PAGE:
No one is going to write about people who are doing the same thing over and over. I think it’s very important to put your opinions in the music and create something that is different. You just have to be okay with it being destroyed once in a while. That’s part of it. ●
- – Eric Church on always taking chances.
Anyone who says they know is, well… see, I’m Australian. I use a lot of curse words. So I’m thinking now, ‘How do I put this?’ People will want to tell you that they think they know. But they don’t know if it’s a hit. No one does. ●
- – Sherrie Austin on music chart gurus and prognosticators.
He gets tickled all over himself sometimes, and we have to take him back to the bus and lock him up until he gets over it. We’ve talked about trademarking it, and Rounder has even talked about putting a ring tone out with his laugh. When it goes off, you will not miss your phone call! ●
- – Jamie Dailey on the infectious laugh of duo partner Darrin Vincent.
Local country music fan Reginald Spears was arrested Friday morning after mowing a vulgar phrase onto the lawn of radio station WTSM Catfish 104.9 FM.
Police said Spears, who has a long record of misdemeanors and public complaints, was taken into custody without incident at the country station as he admired his work from the seat of his John Deere riding lawnmower. Deputy William Cranston said the man was finishing off a bottle of whiskey and singing to himself before turning around with his hands behind his back.
“We’d gotten a few calls about a white male driving a mower through town with shoes dragging behind, but hadn’t been able to find him until the radio station manager called us,” said Cranston.
WTSM manager Bart McGee confronted the man before calling police.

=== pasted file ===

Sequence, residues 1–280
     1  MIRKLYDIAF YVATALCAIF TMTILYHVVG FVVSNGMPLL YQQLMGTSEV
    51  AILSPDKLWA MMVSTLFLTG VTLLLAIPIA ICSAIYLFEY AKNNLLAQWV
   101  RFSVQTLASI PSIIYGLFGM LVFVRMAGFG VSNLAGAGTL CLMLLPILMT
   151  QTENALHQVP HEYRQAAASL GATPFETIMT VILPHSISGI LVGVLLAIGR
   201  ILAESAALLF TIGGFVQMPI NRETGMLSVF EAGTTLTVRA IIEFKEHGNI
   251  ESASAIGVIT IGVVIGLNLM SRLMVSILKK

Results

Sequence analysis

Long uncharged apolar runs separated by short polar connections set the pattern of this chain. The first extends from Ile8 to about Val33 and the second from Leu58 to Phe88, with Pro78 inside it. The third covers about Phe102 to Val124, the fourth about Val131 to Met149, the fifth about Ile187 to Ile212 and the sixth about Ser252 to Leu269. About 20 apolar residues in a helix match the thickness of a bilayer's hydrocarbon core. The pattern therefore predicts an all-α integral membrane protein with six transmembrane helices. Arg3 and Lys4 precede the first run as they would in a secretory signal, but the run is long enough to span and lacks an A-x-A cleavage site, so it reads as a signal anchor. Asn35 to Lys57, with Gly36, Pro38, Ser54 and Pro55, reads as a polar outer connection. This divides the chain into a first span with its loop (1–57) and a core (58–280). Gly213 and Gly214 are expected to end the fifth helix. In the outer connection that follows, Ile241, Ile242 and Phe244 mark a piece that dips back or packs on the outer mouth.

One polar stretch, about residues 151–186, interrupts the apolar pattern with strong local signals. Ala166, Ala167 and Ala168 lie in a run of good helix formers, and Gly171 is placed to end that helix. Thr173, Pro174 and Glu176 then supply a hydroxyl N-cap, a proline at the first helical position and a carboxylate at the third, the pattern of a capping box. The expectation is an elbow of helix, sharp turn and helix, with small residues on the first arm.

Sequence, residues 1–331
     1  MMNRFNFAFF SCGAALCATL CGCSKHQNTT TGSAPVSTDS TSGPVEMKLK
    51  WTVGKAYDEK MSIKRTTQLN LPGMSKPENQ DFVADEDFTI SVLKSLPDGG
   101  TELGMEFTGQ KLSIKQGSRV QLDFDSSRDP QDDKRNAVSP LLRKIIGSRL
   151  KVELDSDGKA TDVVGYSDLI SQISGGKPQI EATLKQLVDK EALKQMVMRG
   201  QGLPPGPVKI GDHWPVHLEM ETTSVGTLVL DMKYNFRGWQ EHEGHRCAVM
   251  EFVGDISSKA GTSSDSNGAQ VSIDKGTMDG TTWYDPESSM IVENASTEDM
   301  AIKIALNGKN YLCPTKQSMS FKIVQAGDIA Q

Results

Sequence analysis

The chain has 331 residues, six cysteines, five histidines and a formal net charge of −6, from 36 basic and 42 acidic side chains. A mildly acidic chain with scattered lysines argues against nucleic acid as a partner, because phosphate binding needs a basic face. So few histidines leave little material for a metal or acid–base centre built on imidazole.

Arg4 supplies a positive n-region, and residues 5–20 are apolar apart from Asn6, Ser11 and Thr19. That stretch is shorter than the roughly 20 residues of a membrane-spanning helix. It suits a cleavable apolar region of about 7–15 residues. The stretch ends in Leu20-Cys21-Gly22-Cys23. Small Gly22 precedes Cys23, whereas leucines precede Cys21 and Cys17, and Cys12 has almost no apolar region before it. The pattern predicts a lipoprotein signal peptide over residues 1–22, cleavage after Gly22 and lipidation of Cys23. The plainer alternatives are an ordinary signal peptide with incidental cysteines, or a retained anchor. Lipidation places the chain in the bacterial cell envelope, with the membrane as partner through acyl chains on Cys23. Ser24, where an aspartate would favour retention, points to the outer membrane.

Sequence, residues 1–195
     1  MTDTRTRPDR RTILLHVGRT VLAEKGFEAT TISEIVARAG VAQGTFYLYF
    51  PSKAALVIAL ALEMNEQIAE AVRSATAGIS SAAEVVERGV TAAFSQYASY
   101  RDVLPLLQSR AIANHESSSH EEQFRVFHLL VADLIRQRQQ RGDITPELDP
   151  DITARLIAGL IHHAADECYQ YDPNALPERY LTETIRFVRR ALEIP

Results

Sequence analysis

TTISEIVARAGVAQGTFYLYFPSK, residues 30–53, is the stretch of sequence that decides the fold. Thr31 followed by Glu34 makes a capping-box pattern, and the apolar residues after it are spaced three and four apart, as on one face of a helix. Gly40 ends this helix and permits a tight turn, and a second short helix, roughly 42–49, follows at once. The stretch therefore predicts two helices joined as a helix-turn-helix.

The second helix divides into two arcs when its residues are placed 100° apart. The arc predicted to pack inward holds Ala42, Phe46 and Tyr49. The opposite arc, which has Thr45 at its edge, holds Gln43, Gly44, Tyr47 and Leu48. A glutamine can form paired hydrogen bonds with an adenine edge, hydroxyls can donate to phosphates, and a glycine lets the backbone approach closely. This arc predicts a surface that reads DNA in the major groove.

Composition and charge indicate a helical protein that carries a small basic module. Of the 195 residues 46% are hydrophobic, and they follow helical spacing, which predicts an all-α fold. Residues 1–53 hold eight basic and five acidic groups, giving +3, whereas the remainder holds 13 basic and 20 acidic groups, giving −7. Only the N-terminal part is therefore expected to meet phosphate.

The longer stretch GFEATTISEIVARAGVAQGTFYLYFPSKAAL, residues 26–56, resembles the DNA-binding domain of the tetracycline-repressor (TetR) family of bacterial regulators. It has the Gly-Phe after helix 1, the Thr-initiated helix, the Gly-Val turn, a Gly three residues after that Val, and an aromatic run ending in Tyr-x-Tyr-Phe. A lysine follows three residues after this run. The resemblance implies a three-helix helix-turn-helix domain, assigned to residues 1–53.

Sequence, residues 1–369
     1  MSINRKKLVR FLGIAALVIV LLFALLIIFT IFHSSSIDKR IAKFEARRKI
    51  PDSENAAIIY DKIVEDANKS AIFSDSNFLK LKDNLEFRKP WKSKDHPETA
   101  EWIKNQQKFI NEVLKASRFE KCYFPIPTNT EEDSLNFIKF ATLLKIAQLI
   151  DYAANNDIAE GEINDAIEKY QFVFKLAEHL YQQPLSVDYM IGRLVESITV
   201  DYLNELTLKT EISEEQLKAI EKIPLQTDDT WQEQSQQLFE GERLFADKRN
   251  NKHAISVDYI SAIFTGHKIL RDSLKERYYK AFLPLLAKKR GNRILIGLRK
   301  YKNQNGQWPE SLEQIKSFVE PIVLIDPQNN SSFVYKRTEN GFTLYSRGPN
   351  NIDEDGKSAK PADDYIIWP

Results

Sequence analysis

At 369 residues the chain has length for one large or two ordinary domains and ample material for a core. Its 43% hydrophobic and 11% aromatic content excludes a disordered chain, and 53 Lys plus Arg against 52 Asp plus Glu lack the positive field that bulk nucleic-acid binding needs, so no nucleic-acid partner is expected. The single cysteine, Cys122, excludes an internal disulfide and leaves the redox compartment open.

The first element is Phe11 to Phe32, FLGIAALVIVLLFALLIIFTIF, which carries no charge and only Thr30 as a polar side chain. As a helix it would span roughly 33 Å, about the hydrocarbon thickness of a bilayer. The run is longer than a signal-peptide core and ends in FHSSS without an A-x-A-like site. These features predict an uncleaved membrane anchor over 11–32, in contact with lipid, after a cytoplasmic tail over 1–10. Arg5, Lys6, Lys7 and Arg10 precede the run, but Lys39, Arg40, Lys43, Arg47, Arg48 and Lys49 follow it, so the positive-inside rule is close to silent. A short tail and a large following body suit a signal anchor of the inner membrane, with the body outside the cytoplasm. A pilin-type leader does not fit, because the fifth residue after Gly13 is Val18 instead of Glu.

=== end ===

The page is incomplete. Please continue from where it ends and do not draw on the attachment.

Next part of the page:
“I asked him if he was with our lawn care service because he looked suspicious and kind of familiar. There wasn’t a truck or trailer anywhere, just him on his mower,” said McGee. “It wasn’t until he said something about us only playing George Jones because he died that I noticed what he’d just done… there was a huge ‘F**k You’ mowed into the grass.”
Although Mr. Spears was not available for comment at press time, his wife – Laverne Spears, also local – was all too pleased to fill us in on the events leading up to the incident. “His alarm clock woke him up with the radio playing that Forrest Gump remix of ‘Finally Friday’ and he got up cranky. He said he was gonna show them sumb*tches about respecting the Possum.”
“He went out and cranked up the mower and I thought he was just gonna cut the yard till he drove off down the road,” she continued.
Spears’ ride apparently took him to Barney’s Package Store, then the Goodwill Store, where he was seen tying shoes behind the mower. He snarled mid-morning traffic as he drove the slow-moving vehicle through the town square to his final destination.
“He pointed at those shoes behind his mower and asked me ‘Who the f**k’s gonna fill em? Fake Shelton?’ I could smell whiskey on his breath,” recounts McGee. “Then a light came on and I remembered he was the same guy who cut our signal a couple of years back for playing ‘Christmas Shoes.’ What a kook!”
Spears may now be facing some actual jail time due to his prior record. His charges for this “protest” include operating a non-street-legal vehicle in traffic, driving while intoxicated and vandalism.
“That vandalism charge is bullsh*t,” claims Mrs. Spears. “Their grass was high as an armadillo’s *ss. He was helping them out. They can kiss my *ss too! Long live the Possum!”